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    Since he has been paralyzed (monday) he has been inside, in a dog crate with a bunch of straw used to prop him upright. I have been giving him electrolytes and keeping food and water closeby. I only notice him eating if i put it up to his face, then he will start to show interest. His legs are both forwards, but one is very far forward, and the other one is forward tucked up against his chest. He doesnt seem to feel me touching his legs or feet. He sort of falls over when he struggles to move. If i pick him up, his legs stay in the exact same position. I scrambled some eggs, but he shows no interest in it.

    I will start with the vitamins tomorrow. I don't see him having any control/being able to move his feet (only his elbows a bit.. mostly his wings).

    It's all very sad. I didn't know owning chickens is so tough.

    I attached a photo, it probably isn't a big help, but you can see how his feet are stuck. Poor guy. He's always leaning to one side.

    [​IMG]
     
  5. exop

    exop Chillin' With My Peeps

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    It's important to keep him fed and watered, to keep his strength up. When he eats, you should be sure he eats enough to fill his crop (you should be able to feel the lump on his breast). He may be too weak or too "disabled" right now to eat on his own. I had a silkie cross last year who suffered a head trauma and was almost completely unable to move or sit upright, and he didn't really eat unless he was force-fed; he started to improve dramatically when I made sure to force-feed him several times a day. Mixing chicken feed with water to make a mush seems to work well. (Let it sit for a few minutes after mixing to let the water absorb - you may need to add a little extra water in order to get a moist mixture). If you pry the beak open gently and then hold the bird's mouth open with one hand, you should be able to insert a pea sized glob of moist food using your other hand. See illustration. Once it's in his mouth, he should swallow it down. Depening on the size of the bird, he may be able and willing to swallow slightly larger globs. Try to feed about a tablespoon of moist food total, if he seems to be swallowing ok.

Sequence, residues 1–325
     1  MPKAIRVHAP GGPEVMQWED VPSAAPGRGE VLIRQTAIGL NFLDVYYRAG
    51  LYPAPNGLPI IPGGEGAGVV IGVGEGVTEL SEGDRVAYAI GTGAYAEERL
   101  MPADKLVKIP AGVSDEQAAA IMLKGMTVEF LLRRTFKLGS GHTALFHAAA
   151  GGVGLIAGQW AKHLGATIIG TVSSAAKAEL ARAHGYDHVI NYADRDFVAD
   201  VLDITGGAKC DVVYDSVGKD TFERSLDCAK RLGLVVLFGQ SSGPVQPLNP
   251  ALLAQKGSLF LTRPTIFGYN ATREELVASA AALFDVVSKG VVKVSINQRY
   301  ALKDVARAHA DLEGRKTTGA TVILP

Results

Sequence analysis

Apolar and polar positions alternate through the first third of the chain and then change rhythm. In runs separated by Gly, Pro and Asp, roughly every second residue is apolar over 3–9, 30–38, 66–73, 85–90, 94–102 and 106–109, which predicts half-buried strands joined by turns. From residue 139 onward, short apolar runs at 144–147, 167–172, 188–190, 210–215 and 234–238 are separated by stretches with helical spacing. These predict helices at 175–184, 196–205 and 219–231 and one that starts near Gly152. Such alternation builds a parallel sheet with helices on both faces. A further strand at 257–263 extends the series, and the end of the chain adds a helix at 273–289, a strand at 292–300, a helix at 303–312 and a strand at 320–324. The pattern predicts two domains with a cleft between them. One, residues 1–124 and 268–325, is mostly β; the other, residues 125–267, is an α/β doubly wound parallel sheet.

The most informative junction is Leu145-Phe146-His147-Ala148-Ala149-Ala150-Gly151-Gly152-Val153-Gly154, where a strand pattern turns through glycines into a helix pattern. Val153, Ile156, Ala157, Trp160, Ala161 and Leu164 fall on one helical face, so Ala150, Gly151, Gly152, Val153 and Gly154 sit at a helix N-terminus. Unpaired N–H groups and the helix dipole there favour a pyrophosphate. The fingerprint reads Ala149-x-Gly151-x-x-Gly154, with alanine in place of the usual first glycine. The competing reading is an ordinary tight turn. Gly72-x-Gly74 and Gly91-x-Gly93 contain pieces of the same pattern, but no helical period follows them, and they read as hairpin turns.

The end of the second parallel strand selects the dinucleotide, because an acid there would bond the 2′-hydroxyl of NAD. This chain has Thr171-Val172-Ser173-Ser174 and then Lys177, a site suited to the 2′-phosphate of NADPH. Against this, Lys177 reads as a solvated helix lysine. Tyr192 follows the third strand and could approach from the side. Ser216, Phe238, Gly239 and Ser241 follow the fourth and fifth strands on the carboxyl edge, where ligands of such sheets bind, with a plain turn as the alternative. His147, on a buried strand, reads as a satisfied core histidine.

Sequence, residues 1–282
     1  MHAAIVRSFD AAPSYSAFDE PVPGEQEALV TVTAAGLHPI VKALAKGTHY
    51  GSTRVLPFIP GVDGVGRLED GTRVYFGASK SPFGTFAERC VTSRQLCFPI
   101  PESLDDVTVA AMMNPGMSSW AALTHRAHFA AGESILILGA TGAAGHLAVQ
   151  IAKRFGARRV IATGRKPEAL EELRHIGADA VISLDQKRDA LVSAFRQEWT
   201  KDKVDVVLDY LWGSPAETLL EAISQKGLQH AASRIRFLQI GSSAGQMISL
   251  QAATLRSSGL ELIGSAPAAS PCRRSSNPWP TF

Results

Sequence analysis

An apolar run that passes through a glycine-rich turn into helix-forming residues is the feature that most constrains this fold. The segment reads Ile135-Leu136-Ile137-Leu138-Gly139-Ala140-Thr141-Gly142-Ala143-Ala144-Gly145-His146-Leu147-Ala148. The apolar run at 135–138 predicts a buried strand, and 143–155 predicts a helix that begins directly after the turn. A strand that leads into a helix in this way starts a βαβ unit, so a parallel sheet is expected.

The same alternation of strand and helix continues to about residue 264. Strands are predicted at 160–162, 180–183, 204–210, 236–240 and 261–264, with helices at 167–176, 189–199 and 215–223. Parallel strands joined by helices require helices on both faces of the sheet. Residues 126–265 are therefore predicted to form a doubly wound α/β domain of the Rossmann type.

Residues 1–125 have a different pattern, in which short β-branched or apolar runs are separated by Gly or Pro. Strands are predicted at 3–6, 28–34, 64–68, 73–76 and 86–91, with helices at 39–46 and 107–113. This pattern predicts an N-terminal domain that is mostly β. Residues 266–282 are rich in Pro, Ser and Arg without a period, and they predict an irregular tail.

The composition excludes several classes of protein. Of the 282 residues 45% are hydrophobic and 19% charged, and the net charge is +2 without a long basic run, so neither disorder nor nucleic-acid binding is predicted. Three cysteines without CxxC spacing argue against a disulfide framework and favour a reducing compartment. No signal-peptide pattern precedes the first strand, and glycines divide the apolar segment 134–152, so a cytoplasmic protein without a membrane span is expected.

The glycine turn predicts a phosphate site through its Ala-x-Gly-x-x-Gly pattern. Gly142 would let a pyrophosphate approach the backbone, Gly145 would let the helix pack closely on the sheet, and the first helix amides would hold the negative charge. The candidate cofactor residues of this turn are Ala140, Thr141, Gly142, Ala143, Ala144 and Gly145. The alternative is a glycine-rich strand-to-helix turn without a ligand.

[​IMG]

    Best - exop
     
  6. jerseygirl1

    jerseygirl1 Overrun With Chickens

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    I am going thru this now, though it's for a dislocated leg, which is not going to heal, unfortunately. Usually it's a vitamin deficiency, and I treat with vitamin and electrolyes. It takes a while, liek two weeks or so but they did get better
     
  7. tammye

    tammye Chillin' With My Peeps

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    soak her in a basin of warm water for 20 minutes. mine liked it, may of helphed with the recovery, got blood to the legs, sooth muscles ect..
    I can't believe how common this is, you would think the feed would be better suited for the girls!
     
  8. Eme

    Eme Out Of The Brooder

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    Thanks for your helpful replies. I found some powdered chicken vitamins, and have been syringe feeding him that mixed with his water. Today he seems very thin and weak. Would those vitamins be fine? Or would it be better to just give him vitamin E and B12 directly instead? Or in addition to those general chicken vitamins? it has vitamins E and B 12 in it.

    Still giving him electrolytes too.